ELMHURST – When Andrew Medema was 5, his parents immigrated to the United States from Usquert, Netherlands, settling in Chicago to give the family a better life.
Unfortunately, the Great Depression hit during Medema’s teen years. He dropped out of high school his freshman year to help out on the family farm, but it made him learn the value of work early in life. In fact, he worked until the age of 89.
On Dec. 19, the longtime Elmhurst resident turned 100.
“I grew up in the Depression when you couldn't find a job,” said Medema, who is still as sharp as ever. “It was hard. I got my first decent job in a factory when I was 18. I made 25 cents an hour. I can’t complain.”
He served in the United States Army as a military police officer in California during World War II, then drove a street car in Chicago.
“Nobody got in your way, that’s for sure. It was six years before they put trolleybuses on. Then they took them off the street, and they gave you propane buses," Medema said.
He did that for 25 years, memorizing all the streets downtown.
In 1950, Medema moved the family to 4200 Roosevelt Road in Elmhurst.
“It was December. It was a new neighborhood, and the truck couldn’t get in because of the snow,” Medema said. “We had to move the furniture a block on sleds. Butterfield Road was a gravel road at that time.”
Medema got a job at the school district working as a custodian, a position he held for 27 years.
“Our boys got a good education there,” he said. “One went to Lincoln. Another went to Sandberg. Then they built Jackson. Our middle boy was one of the first to go to that school.”
A diehard Cubs fan, Medema was thrilled when his favorite team finally clinched the World Series this year.
“I never thought it would happen in my lifetime,” he said.
Medema even received a congratulatory birthday letter from Cubs owner Tom Ricketts.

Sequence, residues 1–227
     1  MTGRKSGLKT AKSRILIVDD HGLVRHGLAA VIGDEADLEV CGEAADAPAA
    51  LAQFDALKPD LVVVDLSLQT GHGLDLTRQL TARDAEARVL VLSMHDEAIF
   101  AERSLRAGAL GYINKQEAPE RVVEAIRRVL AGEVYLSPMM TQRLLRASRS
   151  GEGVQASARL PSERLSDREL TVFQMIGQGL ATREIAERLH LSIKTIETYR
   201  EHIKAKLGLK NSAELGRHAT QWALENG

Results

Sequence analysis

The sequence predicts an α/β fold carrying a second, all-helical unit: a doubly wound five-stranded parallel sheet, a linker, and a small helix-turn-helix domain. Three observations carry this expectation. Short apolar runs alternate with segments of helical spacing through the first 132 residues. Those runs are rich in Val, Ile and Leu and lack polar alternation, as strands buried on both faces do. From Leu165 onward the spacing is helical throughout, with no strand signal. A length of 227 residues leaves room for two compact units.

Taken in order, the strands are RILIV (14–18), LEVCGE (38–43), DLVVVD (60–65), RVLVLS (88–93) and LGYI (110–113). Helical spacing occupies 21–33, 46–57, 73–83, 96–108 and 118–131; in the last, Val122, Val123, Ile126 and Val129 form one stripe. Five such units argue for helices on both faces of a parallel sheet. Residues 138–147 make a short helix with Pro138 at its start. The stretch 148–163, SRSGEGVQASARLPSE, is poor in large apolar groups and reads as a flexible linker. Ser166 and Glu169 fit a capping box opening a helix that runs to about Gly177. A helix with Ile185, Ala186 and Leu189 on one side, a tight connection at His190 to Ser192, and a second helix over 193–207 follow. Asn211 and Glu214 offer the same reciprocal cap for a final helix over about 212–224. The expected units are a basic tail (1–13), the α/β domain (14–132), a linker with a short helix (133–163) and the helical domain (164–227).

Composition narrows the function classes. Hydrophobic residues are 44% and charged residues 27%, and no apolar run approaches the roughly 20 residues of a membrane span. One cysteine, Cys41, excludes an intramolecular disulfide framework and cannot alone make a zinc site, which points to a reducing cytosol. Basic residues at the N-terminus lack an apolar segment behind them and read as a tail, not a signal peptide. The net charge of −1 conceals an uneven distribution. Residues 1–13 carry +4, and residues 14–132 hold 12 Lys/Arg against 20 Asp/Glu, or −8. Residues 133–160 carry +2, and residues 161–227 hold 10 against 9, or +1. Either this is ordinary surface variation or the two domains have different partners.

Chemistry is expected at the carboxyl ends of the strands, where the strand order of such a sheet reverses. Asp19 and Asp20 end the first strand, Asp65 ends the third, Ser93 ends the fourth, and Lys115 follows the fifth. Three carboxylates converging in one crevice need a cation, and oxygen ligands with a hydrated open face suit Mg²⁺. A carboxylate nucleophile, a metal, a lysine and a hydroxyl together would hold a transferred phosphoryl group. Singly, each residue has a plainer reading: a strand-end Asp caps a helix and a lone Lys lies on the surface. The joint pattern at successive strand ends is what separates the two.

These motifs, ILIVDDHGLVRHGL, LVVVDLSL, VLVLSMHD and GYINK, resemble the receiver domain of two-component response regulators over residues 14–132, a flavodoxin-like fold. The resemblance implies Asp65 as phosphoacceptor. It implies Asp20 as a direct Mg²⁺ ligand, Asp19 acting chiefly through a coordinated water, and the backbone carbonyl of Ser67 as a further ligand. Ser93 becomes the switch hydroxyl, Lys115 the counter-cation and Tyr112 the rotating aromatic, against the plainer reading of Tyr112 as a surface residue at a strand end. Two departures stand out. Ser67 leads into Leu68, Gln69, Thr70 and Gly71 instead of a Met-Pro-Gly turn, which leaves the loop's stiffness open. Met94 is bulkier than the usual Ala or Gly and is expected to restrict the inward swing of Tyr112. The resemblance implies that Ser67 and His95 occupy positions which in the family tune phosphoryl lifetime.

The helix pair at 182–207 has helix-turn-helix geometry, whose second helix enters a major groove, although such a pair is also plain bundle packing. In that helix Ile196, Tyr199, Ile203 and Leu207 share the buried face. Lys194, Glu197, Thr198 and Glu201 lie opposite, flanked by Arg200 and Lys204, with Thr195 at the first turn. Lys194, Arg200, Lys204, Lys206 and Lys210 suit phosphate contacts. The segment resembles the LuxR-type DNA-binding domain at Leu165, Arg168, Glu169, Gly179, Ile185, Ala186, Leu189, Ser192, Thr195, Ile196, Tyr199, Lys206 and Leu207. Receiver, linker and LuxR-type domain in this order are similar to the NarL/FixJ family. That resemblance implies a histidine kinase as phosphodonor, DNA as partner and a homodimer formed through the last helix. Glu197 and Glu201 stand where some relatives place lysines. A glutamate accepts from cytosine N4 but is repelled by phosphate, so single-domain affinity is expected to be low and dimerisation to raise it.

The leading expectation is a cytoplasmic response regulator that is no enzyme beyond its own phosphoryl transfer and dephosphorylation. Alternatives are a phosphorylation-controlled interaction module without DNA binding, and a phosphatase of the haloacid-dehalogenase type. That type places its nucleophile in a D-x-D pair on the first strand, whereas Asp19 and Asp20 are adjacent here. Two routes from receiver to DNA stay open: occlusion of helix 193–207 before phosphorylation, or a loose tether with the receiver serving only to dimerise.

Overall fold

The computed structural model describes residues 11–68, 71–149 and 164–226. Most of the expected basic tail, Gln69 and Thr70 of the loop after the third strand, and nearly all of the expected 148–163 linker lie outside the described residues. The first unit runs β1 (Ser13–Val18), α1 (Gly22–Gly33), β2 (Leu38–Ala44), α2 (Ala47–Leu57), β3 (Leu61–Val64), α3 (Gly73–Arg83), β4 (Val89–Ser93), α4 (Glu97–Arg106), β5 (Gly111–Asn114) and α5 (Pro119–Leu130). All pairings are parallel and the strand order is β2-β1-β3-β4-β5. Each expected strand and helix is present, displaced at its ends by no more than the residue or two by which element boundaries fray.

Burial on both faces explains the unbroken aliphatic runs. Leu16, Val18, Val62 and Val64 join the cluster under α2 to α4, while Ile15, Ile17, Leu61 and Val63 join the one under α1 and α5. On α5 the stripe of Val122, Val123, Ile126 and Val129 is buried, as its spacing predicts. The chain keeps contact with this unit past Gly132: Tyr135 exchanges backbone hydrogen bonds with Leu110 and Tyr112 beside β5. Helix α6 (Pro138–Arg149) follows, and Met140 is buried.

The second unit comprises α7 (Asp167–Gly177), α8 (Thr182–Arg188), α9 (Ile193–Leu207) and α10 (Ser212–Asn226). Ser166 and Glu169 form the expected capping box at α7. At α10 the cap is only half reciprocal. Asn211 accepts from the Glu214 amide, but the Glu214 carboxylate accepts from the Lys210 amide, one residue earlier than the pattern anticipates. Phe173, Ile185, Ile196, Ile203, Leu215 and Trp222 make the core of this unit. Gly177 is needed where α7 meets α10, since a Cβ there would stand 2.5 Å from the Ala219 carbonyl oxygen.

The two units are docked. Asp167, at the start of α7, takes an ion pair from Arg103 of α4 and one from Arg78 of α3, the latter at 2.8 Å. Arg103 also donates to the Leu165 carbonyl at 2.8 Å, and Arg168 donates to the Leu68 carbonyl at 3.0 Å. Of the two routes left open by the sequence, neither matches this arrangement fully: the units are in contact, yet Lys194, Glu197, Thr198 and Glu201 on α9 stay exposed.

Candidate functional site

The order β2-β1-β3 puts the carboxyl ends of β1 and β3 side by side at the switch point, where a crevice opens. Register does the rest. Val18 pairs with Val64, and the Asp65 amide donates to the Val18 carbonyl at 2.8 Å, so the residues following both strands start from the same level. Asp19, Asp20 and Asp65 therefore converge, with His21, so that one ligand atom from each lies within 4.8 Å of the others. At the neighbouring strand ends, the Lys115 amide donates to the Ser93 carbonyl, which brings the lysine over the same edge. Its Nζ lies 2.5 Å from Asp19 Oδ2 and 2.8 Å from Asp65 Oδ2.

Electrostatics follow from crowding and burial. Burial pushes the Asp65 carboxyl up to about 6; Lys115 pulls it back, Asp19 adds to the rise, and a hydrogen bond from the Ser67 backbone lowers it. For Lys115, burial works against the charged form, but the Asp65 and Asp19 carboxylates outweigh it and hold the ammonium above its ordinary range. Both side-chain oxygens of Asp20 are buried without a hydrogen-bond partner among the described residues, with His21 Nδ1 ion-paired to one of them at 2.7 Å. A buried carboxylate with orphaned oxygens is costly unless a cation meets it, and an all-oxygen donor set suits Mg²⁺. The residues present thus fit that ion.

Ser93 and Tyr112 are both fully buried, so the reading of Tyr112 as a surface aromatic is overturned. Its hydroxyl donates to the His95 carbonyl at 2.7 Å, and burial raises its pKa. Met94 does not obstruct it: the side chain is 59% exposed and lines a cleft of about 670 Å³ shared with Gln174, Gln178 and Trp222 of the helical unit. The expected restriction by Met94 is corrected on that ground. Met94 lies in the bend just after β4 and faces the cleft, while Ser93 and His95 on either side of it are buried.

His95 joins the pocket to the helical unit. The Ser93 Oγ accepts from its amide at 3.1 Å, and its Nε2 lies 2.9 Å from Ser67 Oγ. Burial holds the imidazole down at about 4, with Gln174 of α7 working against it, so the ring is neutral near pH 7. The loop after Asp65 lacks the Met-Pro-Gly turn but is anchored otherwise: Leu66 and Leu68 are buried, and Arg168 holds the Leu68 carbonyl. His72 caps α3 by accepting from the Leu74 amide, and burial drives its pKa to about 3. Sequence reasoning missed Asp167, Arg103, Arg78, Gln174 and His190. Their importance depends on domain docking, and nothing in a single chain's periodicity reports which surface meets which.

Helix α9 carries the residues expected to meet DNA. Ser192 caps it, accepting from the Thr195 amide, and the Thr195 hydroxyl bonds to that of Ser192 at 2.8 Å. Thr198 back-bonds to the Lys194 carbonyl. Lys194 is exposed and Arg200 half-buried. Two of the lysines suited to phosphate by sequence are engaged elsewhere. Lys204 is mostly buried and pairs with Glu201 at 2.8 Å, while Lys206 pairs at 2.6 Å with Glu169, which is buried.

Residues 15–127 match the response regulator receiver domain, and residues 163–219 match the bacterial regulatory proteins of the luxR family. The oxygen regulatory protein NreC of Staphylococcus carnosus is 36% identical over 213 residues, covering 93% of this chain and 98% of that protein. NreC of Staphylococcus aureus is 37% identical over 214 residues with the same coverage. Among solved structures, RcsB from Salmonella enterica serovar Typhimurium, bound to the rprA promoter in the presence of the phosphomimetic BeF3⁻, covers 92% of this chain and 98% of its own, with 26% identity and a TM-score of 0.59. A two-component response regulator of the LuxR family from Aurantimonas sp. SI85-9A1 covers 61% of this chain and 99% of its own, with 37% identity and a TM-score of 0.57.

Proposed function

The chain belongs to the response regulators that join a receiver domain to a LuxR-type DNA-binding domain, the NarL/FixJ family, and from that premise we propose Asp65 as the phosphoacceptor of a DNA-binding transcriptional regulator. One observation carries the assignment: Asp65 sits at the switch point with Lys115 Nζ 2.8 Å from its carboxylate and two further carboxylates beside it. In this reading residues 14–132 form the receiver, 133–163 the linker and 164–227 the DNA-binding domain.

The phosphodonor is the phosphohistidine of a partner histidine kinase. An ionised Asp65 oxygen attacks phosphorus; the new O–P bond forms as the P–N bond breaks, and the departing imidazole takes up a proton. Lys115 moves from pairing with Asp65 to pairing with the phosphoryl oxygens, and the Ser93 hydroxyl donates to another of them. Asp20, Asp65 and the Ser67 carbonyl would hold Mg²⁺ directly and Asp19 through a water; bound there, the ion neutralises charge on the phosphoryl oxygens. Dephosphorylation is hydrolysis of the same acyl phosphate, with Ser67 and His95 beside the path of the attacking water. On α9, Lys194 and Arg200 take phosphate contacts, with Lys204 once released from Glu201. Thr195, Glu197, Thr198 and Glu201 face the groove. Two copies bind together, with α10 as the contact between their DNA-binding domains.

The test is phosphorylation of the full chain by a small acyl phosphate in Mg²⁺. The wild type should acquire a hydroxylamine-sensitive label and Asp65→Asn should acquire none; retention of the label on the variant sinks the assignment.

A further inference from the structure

About 100 family and friends gathered at a birthday celebration Dec. 18 for the man who has 19 grandchildren, 11 great-grandchildren and 2 great-great-grandchildren.
One party attendee was Jack Carter, newly retired from a 25-year stint managing Butler National Golf Club in Oak Brook, where Medema worked part time from 1984 until age 89.
“We had two fellas that manned the front desk,” Carter said. “Bob and Andy were like Jack Klugman and Tony Randall. They were just a joy. The members and staff loved him. We used to go out and play golf on our day off on Mondays then go play poker and have a little dinner. When we went downtown he knew every street. It was amazing.”
Medema’s youngest son, Rich, 70, said his dad was always focused on family.
“What I remember most about my dad is that it was ‘My Three Sons,’" Rich Medema said. “He was always hard working to support the family. That’s why he moved to Elmhurst when I was 4. He said, ‘This is the life I want for my boys.' It was a brilliant move on his part.”
Andrew Medema still keeps busy at the retirement facility in Downers Grove where he currently lives, although he said he's starting to relax.
Medema said he has no secret to his longevity.
“I don’t know. It could be a lot of things,” he said.
However, he said there is something he does know.
“Do what you want to do, and do it right. Forget yesterday and don’t think about tomorrow, but live for today," Medema said.